This field trumpet sounded the crucial charge of the Household Cavalry at the Battle of Waterloo.
At 2.00pm, the left of the Allied defensive position on the ridge of Mont St Jean was under severe attack from the 16,000-strong Infantry Corps of Count D’Erlon. It was a close fight but the French were beginning to break through the Allied line.
Seven units of heavy cavalry in two brigades were formed on the reverse slope of the ridge. Lord Uxbridge ordered his two brigade commanders, Generals Edward Somerset and William Ponsonby, to sound the charge.
This field bugle was blown by 16-year-old John Edwards, who was duty trumpeter of the day. It sounded the charge for the Household Brigade which comprised the 1st and 2nd Life Guards, the Royal Horse Guards (the Blues) and the 1st Dragoon Guards.
The other brigade, the Union Brigade, comprised the 1st (Royal) Dragoons, the Royal North British Dragoons (Scots Greys) and the 6th (Inniskilling) Dragoons. They charged a few minutes before the Household Brigade.
The Allied cavalry manoeuvred through the ranks of Allied infantry and charged D’Erlon’s Corps, with its supporting cuirassiers, causing immense damage. Then, rather than turn back having successfully completed their task, they charged on over the French gun batteries. They arrived without support and with exhausted horses deep into the French lines, where they in turn suffered heavy casualties.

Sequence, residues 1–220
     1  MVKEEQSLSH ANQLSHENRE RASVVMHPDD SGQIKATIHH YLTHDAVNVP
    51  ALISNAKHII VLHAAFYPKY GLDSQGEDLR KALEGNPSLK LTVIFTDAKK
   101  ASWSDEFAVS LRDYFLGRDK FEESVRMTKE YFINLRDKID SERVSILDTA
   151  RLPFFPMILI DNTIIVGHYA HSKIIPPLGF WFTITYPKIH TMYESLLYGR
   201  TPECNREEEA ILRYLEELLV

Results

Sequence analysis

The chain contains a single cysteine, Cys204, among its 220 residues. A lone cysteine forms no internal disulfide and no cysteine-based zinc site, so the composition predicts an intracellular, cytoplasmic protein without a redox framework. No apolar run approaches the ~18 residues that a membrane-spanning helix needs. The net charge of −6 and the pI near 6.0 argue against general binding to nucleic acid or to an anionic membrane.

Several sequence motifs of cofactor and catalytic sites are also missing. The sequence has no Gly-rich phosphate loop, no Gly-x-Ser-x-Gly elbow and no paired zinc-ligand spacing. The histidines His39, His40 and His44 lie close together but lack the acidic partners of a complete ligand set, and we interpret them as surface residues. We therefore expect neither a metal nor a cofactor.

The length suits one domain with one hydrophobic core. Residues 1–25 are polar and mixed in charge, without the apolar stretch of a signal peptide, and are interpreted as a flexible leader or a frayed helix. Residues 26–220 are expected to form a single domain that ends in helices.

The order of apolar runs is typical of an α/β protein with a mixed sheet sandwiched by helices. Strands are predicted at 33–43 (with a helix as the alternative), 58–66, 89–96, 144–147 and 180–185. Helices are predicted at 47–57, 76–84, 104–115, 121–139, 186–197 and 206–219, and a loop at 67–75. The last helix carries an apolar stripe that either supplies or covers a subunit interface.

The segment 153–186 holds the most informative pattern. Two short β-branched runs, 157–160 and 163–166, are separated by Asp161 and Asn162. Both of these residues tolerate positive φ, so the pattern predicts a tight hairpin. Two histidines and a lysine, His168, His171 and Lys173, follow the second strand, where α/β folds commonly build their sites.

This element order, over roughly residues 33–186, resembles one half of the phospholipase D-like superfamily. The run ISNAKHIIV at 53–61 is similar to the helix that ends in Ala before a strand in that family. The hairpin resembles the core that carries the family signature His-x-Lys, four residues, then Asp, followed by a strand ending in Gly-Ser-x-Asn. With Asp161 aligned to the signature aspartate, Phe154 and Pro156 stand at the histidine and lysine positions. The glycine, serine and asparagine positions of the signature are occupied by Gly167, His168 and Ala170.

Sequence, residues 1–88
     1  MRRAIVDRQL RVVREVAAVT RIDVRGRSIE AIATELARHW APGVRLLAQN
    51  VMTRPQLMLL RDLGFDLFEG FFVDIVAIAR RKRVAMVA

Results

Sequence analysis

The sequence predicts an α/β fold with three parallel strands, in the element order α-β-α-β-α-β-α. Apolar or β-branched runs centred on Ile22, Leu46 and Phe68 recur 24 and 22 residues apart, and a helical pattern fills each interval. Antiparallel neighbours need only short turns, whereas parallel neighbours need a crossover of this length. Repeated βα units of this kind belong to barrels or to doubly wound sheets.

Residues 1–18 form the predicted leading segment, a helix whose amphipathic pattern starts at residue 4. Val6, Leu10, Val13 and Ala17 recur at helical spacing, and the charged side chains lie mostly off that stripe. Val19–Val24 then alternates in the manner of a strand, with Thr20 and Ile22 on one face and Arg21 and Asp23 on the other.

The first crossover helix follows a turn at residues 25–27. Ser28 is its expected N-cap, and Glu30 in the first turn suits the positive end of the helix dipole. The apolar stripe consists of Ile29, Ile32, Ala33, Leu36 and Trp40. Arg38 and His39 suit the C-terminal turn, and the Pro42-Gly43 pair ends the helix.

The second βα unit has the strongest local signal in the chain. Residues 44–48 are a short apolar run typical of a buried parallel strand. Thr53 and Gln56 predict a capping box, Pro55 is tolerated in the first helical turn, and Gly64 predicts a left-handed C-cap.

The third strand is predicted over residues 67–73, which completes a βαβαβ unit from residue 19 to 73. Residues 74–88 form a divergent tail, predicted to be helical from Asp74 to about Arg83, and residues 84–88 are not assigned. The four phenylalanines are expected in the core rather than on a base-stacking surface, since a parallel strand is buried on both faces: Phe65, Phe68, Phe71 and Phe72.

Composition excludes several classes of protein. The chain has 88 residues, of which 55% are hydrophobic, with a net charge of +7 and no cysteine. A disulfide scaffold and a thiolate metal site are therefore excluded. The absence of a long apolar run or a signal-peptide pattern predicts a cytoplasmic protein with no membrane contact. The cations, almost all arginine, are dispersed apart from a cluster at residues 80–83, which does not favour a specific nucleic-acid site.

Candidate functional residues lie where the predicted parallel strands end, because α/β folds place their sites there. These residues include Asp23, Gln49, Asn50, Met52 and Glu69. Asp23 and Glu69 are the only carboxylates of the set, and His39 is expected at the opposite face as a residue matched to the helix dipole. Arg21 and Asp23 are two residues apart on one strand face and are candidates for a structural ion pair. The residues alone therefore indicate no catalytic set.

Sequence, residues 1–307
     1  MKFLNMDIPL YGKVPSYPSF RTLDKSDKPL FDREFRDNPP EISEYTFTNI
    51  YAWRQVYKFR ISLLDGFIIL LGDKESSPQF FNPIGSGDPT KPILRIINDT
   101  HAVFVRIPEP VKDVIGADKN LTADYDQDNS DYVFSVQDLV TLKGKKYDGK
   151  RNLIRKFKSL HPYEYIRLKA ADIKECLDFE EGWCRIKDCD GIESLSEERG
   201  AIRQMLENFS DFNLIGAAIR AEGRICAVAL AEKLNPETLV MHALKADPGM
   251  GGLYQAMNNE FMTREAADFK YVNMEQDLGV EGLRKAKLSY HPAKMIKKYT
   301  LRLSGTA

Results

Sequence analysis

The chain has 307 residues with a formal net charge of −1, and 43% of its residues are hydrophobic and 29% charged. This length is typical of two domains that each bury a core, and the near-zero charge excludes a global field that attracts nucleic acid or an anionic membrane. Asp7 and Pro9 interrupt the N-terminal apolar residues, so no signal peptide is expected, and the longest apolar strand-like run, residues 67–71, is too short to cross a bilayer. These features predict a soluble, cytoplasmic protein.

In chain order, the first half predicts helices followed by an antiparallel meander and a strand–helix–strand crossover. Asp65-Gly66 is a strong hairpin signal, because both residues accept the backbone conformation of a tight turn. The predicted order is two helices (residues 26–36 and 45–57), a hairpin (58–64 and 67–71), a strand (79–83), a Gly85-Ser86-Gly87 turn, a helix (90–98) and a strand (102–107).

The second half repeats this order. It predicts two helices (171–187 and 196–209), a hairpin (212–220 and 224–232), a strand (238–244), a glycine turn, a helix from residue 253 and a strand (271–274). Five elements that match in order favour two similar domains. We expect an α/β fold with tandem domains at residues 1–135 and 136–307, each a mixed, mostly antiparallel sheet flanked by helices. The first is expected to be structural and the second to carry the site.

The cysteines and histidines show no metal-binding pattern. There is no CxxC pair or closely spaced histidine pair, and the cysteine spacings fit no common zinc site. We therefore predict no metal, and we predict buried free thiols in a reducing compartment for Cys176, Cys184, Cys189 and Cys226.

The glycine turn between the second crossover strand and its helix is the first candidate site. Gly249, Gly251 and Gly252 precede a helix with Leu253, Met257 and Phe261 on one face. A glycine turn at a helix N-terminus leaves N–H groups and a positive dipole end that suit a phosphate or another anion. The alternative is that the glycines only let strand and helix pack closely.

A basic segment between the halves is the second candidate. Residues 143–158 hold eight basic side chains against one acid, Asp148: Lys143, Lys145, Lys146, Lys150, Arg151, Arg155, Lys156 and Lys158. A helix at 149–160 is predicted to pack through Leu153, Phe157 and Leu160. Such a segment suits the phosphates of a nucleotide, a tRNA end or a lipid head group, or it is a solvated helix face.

Of the 2,500 cavalrymen involved, approximately half were killed or wounded. However, Napoleon had lost the initiative and failed to gain control of the battle. Two French Eagles (battalion colours) were taken.
Trumpet or bugle calls were a vital command system in battles at this time. Shouting and screaming men and horses, the explosions of guns, cannon shells and small arms made verbal communication impossible. The smoke from black powder meant visibility was down to that of a thick fog. The incredible danger from musket balls, sabres, cannon balls and kicking horses made full attention vital. Only the sound of the trumpet was able to communicate between cavalry squadrons, each of which had a trumpeter.
There were over 40 different bugle calls used in the field, all to command horses. Formations were controlled by calls known to the cavalrymen and made easier to remember by the addition of words in songbooks.
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This object is in the collection of Household Cavalry Museum